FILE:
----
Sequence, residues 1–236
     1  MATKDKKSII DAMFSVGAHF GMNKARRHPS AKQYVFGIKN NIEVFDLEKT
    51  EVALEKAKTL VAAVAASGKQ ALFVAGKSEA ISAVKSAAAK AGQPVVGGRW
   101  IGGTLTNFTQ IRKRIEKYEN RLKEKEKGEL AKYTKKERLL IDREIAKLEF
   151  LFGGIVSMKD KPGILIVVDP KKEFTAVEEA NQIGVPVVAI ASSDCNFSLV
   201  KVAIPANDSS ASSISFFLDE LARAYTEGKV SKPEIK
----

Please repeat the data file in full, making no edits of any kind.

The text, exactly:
Sequence, residues 1–236
     1  MATKDKKSII DAMFSVGAHF GMNKARRHPS AKQYVFGIKN NIEVFDLEKT
    51  EVALEKAKTL VAAVAASGKQ ALFVAGKSEA ISAVKSAAAK AGQPVVGGRW
   101  IGGTLTNFTQ IRKRIEKYEN RLKEKEKGEL AKYTKKERLL IDREIAKLEF
   151  LFGGIVSMKD KPGILIVVDP KKEFTAVEEA NQIGVPVVAI ASSDCNFSLV
   201  KVAIPANDSS ASSISFFLDE LARAYTEGKV SKPEIK